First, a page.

Tory reshuffle: can May’s young guns save the party?
Focus on junior positions following PM’s ‘shambolic’ handling of senior ministers
Theresa May’s attention turned to appointing junior ministers today, with the Tories hoping to shift the focus to the party’s rising stars and away from Monday’s “shambolic” cabinet reshuffle.
Dominic Raab gets the housing portfolio, which will have more prominence in the newly named Ministry of Housing, Communities and Local Government, according to The Guardian. Alok Sharma becomes Minister of State for Employment - a role bestowed largely in recognition of his work in the aftermath of the Grenfell tower block fire in London, The Times says.
Following his botched appointment of Toby Young to the Office for Students, Jo Johnson - Boris Johnson’s younger brother - was removed from the universities brief and installed in transport. Sam Gyimah becomes Minister for Higher Education, Rory Stewart is Minister of State at the Justice Department, and both Caroline Dinenage and Stephen Barclay become health ministers. Margot James goes to the Department for Digital, Culture, Media and Sport, and Harriett Baldwin becomes Minister of State at the Foreign and Commonwealth Office.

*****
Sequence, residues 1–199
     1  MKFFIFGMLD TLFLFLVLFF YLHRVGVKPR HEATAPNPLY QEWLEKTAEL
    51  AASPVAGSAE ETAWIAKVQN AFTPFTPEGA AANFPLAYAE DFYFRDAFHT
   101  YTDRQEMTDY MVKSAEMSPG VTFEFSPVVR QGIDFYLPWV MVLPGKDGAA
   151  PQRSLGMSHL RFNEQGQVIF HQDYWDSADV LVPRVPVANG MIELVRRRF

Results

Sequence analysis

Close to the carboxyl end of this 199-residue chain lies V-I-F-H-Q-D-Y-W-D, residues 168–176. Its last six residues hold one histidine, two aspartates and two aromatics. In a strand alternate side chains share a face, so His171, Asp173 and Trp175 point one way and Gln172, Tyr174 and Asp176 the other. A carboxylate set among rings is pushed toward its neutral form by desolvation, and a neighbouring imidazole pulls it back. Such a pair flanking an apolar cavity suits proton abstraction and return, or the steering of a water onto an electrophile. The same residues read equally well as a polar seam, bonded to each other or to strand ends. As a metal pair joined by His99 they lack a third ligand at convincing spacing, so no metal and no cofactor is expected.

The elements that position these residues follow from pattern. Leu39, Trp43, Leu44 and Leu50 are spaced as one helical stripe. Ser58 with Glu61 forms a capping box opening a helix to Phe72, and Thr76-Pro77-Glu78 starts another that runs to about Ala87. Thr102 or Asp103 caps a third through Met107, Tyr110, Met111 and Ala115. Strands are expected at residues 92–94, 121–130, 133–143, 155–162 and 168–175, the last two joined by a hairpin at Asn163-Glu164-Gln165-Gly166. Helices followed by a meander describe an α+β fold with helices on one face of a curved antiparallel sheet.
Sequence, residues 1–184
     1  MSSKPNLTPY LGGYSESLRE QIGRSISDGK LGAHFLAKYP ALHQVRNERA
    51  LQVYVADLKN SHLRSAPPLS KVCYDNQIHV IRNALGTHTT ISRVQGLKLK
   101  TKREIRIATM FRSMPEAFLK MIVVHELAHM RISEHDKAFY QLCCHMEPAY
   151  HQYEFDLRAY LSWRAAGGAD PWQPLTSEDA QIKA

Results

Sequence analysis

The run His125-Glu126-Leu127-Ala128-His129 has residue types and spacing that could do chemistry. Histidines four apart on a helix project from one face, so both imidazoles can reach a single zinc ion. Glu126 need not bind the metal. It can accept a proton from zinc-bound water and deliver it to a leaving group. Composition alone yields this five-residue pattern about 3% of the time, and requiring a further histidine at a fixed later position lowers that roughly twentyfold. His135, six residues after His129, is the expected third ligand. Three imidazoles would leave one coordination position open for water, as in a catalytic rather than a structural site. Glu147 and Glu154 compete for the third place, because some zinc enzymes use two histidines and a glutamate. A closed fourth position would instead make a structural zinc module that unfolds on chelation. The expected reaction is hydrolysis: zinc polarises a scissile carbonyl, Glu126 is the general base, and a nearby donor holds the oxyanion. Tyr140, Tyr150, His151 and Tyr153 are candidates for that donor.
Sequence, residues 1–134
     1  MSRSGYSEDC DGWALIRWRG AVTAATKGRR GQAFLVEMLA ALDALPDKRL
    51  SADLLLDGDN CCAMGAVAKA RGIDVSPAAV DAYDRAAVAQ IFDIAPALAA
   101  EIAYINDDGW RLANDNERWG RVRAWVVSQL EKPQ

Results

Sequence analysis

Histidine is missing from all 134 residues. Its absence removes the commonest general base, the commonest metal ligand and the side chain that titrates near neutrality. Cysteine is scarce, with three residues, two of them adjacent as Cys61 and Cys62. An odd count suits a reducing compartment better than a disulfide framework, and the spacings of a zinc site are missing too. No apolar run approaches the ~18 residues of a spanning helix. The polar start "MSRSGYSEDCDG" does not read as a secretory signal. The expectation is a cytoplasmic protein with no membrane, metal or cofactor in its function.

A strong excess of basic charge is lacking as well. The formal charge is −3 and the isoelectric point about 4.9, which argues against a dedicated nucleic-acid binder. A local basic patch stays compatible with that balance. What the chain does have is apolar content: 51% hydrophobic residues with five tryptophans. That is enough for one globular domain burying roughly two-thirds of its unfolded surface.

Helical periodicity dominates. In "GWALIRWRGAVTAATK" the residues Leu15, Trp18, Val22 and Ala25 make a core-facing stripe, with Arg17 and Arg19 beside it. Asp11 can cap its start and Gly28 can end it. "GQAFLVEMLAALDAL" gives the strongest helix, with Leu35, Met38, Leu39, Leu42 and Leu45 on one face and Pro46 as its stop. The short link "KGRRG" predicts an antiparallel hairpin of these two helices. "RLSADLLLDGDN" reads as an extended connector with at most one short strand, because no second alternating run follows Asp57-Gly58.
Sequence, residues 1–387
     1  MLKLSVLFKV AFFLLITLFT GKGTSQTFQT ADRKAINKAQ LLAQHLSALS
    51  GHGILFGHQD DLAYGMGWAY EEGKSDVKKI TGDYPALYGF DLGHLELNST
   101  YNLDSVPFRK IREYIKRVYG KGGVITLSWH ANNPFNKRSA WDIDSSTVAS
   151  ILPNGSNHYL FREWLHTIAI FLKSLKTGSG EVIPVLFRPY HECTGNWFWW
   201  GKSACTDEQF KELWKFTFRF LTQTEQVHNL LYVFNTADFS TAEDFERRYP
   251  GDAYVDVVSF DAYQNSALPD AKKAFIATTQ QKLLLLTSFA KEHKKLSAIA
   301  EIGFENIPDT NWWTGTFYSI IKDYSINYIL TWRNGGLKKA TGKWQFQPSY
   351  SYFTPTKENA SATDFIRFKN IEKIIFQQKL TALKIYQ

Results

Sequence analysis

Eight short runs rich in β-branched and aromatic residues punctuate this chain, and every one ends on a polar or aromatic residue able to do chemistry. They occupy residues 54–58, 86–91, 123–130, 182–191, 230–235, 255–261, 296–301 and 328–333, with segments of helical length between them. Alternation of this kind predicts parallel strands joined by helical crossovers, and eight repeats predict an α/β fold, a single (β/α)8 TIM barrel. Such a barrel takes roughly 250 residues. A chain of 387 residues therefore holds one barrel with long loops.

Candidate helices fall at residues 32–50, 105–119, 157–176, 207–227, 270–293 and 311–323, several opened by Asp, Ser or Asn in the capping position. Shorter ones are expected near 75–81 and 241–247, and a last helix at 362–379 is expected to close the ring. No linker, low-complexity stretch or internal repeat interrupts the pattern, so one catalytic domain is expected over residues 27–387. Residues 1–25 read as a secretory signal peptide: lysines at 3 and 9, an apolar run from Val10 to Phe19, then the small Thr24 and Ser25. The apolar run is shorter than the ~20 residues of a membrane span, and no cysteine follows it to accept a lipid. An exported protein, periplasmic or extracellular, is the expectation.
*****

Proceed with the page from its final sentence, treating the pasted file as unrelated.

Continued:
May axed four ministers, The Daily Telegraph says, including former international trade minister Mark Garnier, who lost his job after admitting he asked his secretary to buy sex toys.
No. 10 told Sky News that May has no plans to appoint a minister charged with planning for a no-deal Brexit, contrary to media reports.
The day of junior appointments follows May’s disastrous cabinet reshuffle - criticised as a “shambolic” failure by The Times and others. Health Secretary Jeremy Hunt flatly refused to change jobs, and former education secretary Justine Greening quit for the backbenches rather than switch portfolios. A government source described Monday’s events as “the night of the blunt stiletto”.
May appointed Damian Hinds to replace Greening, and backed away from shifting senior ministers such as Foreign Secretary Johnson, Chancellor Philip Hammond and Brexit Secretary David Davis.
“Downing Street dared not move ministers for fear that the whole house would come crashing down,” says the New Statesman’s George Eaton. “The result leaves Mrs May with a serious headache as the majority of those to be handed promotions were white, middle-aged men,” iNews adds.